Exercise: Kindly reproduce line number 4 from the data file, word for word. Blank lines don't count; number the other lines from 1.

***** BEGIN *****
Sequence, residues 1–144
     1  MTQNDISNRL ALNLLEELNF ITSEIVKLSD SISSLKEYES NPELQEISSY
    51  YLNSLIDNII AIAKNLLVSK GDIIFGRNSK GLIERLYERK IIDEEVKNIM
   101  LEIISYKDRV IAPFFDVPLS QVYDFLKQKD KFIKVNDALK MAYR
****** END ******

   101  LEIISYKDRV IAPFFDVPLS QVYDFLKQKD KFIKVNDALK MAYR